Scott Adams Is Bored

Scott Adams Is Bored

Here’s pretty much all I know about Scott Adams: Sometimes he says (or does) wacky things. Most of the time he draws funny comics about a luckless office drone named Dilbert. I can relate! But not today.

Today, Adams is on the soap box again, penning his way into the public discourse with a Wall Street Journal column about how a lack of boredom has led to an innovation rut in the U.S.

Because of that rut, he says, our economy is headed into the can. He even drew a special little cartoon for the column, which hints at the overall theme of his argument. That argument being all these gadgets and gizmos and search engines are taking away our opportunity to be bored. Boredom, to Adams, equals an opportunity for innovation. Moving mankind forward. That sort of thing.

In the column he reminisses a lot, as older people often do, especially about how simple he had things when he was a kid:

We didn’t have many toys by modern standards. But I discovered that if you have a blob of clay and some Lincoln Logs, you can make your own toy rifle. You can use those same materials to create a FrankenBarbie doll with body-image issues and a G.I. Joe that looks like an angry starfish with snow shoes. I’d take turns shooting at both of them, sometimes using the Lincoln Log rifle and sometimes the handgun that I whittled out of a block of wood. I blame society for all of that.

He argues that the smartphones, gadgets and other gizmos mean we are in a state of constant entertainment. Like a porta-potty at a rock concert after you just downed four beers, people are always occupied at the wrong times — times when they could be doodling the next great idea or writing the next Great American Novel.

My issue is with Adam’s assertion that a lack of boredom has led to a rut in innovation. He seems to want to apply the phenomenon to all people, which is silly, because mankind has never innovated as a species — it’s always driven forward by a few individuals and the rest of us follow like a herd. It’s like lemmings except instead of a cliff we’re all headed toward better batteries or nanotechnology or stem cell-grown replacement organs. OK, sometimes there are cliffs. Point made, but that’s the tricky nature of progress at play!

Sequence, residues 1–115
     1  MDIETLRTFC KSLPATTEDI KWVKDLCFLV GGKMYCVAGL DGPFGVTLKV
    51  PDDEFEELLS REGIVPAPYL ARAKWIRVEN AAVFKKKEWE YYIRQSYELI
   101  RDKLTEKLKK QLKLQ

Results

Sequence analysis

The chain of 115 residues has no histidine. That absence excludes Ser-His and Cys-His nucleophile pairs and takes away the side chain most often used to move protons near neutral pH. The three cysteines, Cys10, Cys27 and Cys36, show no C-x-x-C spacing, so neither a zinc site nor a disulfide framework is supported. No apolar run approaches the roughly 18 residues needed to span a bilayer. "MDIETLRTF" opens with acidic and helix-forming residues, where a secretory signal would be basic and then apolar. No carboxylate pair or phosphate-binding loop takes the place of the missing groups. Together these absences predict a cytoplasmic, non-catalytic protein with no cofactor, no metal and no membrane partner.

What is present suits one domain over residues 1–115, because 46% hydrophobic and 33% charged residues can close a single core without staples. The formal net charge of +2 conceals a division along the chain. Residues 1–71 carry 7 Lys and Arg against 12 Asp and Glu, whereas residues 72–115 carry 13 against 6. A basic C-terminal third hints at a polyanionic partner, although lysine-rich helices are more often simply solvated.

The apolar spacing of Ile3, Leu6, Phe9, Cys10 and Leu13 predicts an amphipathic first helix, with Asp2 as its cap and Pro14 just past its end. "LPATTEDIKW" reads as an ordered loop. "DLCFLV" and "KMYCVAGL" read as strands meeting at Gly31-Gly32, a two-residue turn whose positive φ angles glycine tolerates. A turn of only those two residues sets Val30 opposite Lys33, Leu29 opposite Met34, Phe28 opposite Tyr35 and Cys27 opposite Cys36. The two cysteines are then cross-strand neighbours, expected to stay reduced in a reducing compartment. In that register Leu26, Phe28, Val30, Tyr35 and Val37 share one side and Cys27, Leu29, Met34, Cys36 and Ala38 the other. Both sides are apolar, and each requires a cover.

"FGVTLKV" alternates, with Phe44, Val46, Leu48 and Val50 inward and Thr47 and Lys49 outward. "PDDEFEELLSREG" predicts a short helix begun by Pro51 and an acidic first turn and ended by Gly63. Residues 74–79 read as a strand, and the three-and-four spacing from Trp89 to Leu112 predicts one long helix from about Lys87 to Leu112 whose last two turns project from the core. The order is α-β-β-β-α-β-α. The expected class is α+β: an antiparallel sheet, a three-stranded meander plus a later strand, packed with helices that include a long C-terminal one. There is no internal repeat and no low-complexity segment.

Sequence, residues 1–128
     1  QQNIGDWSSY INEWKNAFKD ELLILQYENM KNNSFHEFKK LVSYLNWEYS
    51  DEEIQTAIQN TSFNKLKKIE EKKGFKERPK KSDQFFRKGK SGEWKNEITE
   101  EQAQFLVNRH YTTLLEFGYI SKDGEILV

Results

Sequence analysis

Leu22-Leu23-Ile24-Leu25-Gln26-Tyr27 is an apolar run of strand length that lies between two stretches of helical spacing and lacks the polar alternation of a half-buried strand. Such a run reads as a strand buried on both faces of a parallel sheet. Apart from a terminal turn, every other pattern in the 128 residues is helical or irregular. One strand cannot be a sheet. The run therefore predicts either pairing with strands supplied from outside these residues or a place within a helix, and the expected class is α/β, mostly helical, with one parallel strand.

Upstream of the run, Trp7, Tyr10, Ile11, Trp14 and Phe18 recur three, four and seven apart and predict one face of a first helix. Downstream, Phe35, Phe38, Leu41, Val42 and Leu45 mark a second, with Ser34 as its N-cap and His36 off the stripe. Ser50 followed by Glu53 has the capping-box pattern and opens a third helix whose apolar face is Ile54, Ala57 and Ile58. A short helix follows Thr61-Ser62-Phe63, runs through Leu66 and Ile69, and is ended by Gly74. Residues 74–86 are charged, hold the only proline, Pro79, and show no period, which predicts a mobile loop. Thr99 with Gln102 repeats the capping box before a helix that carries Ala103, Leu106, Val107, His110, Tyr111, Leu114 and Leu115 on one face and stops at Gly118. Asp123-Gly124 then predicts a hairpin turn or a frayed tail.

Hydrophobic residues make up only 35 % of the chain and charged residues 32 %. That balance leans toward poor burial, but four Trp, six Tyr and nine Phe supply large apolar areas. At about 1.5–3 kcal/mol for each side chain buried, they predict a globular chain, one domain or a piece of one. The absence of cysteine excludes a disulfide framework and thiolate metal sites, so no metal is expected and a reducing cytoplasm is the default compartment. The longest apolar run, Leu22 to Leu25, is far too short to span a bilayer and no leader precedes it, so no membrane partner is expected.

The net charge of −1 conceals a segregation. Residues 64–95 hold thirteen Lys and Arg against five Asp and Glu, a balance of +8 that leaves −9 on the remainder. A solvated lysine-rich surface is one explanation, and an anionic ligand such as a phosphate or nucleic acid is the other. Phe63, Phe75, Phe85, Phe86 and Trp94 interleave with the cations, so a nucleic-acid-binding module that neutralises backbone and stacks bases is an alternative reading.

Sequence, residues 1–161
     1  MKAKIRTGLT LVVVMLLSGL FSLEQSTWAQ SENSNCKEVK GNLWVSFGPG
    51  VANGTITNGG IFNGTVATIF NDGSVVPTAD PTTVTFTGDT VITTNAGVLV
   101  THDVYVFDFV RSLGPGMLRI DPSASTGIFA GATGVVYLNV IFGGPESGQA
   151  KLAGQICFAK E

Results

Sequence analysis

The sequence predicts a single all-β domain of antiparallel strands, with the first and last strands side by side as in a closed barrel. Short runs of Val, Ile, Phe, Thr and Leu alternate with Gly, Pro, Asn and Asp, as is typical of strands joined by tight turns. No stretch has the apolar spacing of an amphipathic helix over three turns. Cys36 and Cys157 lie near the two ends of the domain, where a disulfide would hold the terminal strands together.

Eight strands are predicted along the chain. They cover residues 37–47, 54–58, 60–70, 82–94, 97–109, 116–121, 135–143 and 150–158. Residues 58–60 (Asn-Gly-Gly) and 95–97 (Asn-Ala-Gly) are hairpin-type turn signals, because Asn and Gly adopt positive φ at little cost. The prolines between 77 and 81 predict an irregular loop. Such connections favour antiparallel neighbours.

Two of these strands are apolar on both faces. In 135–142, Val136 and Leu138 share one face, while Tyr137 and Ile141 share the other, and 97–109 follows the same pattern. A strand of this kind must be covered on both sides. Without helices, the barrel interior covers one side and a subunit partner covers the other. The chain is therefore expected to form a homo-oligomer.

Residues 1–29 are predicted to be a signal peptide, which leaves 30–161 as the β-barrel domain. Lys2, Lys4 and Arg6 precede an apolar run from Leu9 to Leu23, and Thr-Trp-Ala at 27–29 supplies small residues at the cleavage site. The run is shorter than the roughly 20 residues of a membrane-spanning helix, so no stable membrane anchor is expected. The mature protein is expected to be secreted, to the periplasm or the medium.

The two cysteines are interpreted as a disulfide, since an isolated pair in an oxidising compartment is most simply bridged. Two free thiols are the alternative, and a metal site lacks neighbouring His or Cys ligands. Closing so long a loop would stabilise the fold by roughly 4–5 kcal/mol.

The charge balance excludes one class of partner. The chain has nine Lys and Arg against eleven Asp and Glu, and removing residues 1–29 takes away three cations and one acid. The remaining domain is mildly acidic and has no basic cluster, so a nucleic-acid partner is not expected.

Now, it doesn’t take much effort to see how the thought leaders and innovators have remained as relevant and provoking today as they were back when Adams was whittling guns out of wood in his 40-person Windham, N.Y. schoolyard.

Remember Johnny Chung Lee? He single-handedly made himself a YouTube sensation with little more than a Wii and his amazing brain. And you know how it probably started? When he picked up a Wiimote for the first time and started to think about what made it tick. Simply holding that Wiimote and understanding the IR camera and the accelerometer housed within allowed him to create some fantastic tech demos. Oh, and land a job at Google. Lee excelled because of the gadget in his hand, not in spite of it.